The randomised controlled trials by Bree et al. [24] implemented mandatory radiology consultation whereby each radiology examination required prior approval. This intervention did not observe differences in inpatient imaging use following the mandatory radiology consultation.

Discharge planning

Discharge planning refers to developing a plan to treat the patient’s medical needs after leaving the inpatient department to contain costs and improve patient outcomes. Discharge planning should ensure that patients leave the hospital at an appropriate time in their care and that, with adequate notice, the provision of post-discharge services is organised [89]. We identified three studies that focused on interventions at the discharge stage of the patient journey [41, 47, 55]. All three studies that examined the effect of discharge planning on LOS in hospital and readmission rates compared with usual care found a decrease in hospital LOS for those allocated to discharge planning. There were lower readmission rates in the discharge planning group for older participants with a medical condition at three months of discharge [41, 47].

Early supported discharge

Discharge planning typically involves a greater degree of care provision and support following discharge than discharge planning interventions. Early supported discharge or early home-supported discharge may include discharge planning but aims specifically to accelerate discharge from the hospital with continued support in a community setting, typically at the same intensity that would have been provided had the patient remained in hospital. These interventions are usually provided by multidisciplinary teams, including doctors, nurses, and therapists. Still, the degree of coordination and whether they are driven by hospital outreach or community teams can vary [89].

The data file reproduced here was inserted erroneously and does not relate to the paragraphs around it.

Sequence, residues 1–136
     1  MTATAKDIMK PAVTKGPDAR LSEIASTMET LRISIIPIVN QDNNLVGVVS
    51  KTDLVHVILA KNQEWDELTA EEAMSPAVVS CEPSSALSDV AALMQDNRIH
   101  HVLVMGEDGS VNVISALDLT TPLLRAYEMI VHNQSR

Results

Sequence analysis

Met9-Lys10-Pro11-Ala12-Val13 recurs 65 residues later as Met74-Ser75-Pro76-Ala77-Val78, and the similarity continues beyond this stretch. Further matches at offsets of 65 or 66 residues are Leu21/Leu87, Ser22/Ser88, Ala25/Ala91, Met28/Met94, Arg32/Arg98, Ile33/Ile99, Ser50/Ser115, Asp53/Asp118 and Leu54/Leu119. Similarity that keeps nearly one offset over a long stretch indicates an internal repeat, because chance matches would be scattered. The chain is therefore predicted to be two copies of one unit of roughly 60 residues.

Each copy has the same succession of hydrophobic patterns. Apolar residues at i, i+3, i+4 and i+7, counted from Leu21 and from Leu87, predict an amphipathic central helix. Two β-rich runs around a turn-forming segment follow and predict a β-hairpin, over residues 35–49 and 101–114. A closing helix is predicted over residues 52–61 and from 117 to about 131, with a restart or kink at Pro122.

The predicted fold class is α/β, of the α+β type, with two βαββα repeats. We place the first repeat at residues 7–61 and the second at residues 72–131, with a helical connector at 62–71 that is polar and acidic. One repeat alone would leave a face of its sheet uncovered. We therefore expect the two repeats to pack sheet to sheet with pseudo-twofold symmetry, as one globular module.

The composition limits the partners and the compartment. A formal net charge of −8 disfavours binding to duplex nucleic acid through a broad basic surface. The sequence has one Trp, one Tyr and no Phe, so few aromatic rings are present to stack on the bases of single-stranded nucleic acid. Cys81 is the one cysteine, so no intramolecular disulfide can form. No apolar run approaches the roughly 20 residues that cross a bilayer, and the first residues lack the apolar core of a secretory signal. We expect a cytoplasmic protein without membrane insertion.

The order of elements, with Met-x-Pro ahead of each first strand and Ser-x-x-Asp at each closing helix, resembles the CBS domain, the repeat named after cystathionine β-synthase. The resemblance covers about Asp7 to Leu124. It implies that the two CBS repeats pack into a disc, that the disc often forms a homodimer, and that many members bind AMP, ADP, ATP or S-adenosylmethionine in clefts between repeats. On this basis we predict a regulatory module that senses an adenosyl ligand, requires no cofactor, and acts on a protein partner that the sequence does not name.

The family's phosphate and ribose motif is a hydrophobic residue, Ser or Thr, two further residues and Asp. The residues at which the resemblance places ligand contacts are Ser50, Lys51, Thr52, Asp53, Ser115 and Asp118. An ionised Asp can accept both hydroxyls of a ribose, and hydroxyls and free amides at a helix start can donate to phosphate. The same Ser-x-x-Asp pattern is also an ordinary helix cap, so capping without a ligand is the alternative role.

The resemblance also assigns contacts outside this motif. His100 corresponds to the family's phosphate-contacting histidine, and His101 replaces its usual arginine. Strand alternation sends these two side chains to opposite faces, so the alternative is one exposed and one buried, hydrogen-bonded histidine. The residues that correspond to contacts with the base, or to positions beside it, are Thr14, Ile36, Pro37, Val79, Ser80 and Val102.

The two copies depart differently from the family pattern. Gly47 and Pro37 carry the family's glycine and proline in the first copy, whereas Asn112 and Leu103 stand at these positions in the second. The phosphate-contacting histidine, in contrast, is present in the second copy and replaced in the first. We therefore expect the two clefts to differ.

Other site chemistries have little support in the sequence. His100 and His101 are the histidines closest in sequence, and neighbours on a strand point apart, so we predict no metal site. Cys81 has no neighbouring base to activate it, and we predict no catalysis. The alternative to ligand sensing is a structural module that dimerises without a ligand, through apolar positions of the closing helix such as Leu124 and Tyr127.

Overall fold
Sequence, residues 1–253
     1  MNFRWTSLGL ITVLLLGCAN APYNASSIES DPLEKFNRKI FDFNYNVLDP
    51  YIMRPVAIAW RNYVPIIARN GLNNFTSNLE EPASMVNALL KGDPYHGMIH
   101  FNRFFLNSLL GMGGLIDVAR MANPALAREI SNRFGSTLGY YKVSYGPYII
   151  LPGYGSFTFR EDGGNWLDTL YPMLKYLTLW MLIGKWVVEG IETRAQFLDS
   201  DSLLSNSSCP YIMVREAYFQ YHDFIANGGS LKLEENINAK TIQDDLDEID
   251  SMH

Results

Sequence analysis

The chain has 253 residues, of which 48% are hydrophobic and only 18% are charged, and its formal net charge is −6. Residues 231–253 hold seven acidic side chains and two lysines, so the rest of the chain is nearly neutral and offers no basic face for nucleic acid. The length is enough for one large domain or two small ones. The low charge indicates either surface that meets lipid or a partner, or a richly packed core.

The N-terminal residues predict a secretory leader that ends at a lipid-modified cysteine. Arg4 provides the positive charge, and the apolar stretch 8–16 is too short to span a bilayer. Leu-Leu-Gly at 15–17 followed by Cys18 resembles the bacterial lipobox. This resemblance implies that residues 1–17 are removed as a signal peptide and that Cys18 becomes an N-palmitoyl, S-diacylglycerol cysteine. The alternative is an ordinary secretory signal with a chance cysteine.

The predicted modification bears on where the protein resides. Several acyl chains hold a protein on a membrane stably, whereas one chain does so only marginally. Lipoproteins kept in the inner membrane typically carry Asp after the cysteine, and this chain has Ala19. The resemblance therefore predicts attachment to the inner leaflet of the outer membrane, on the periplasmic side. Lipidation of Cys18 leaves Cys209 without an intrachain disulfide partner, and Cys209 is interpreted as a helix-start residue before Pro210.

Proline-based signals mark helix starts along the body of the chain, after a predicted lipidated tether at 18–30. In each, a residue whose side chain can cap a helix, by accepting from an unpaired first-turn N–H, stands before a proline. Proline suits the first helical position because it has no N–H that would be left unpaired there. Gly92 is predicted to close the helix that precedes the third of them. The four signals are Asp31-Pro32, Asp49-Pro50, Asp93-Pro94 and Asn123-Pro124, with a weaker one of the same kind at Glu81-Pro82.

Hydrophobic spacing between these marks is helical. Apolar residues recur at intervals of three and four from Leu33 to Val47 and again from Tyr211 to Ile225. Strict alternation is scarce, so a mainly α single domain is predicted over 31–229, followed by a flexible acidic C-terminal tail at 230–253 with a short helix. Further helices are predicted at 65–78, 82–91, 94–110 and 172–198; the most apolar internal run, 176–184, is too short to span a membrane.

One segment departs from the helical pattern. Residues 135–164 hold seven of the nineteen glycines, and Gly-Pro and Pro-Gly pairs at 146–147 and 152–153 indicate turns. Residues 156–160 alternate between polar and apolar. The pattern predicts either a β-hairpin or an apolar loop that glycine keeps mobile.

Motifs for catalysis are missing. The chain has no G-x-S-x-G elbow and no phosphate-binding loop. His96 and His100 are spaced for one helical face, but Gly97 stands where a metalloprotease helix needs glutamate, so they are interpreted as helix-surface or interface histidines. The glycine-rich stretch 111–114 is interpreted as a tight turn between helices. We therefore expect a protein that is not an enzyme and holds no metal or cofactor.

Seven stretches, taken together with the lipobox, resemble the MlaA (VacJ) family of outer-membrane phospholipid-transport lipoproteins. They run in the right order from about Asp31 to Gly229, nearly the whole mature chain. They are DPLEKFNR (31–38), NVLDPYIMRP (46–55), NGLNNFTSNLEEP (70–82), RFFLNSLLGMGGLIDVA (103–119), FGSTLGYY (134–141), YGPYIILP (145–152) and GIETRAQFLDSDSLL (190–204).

Post-discharge case management

Two RCTs have examined the effectiveness of case management provided after patients are discharged from the hospital regarding the utilisation of hospital services by these patients. One study found a significant reduction in hospital admissions, bed-days and attendances at the out-patient department [53]. In contrast, the second study did not find significant differences between groups for readmission, care utilisation, quality of life, or psychological functioning [52].

Cost outcome

Of all included studies, 23 studies provided cost-related outcomes. Six studies reported savings after implementing utilisation review programs [24, 37, 40, 81, 84] or a computerised physician order entry system [22]. One study reported cost savings from reduced days of hospitalization [29]. Ten studies reported significantly reduced hospital charges [30, 31, 56, 62, 64, 67, 68, 77] or ED costs after the intervention [43, 75]. One randomised controlled trial of 96 patients observed a trend toward reduced total healthcare cost in the experimental group, but the difference was not statistically significant [73]. Two studies reported a mixed effect - one reported a significant decrease in ED and medical inpatient costs but no apparent change in the cost of medical out-patient, psychiatric inpatient, psychiatric emergency, or ambulance services [57]. The other found a significant decrease in ED costs. However, no difference was reported for inpatient services, psychiatric emergency services, out-patient services, physicians’ fees, or total hospital costs, with the cost of case management included [70]. Also, one study reported program costs with no assessment of net costs or savings [38].


Developing education programs for patients, families and health care providers (i.e., nurses or physicians) is considered the primary intervention in many countries [49, 67, 77, 90]. The goal of the education programs is to provide health care providers with the principles of utilisation management.


Our review identified nine utilisation management methods, including care plan, case management, care coordination, utilisation review, clinical information system, physician profiling, consultation, education, and discharge planning. Of all interventions reported in the reviewed studies, case management strategy was the most frequently examined. Disease management is considered an effective strategy for dealing with frequent hospital users with specific diseases (e.g., congestive heart failure or diabetes). Whereas disease management focuses on particular illnesses, case management is focused on optimising multidisciplinary treatment. We identified several models of case management, such as brokerage [54], assertive community treatment [46], intensive case management [29, 39], clinical case management [57, 70], and different case management models (i.e., strengths-based case management, generalist case management, rehabilitation).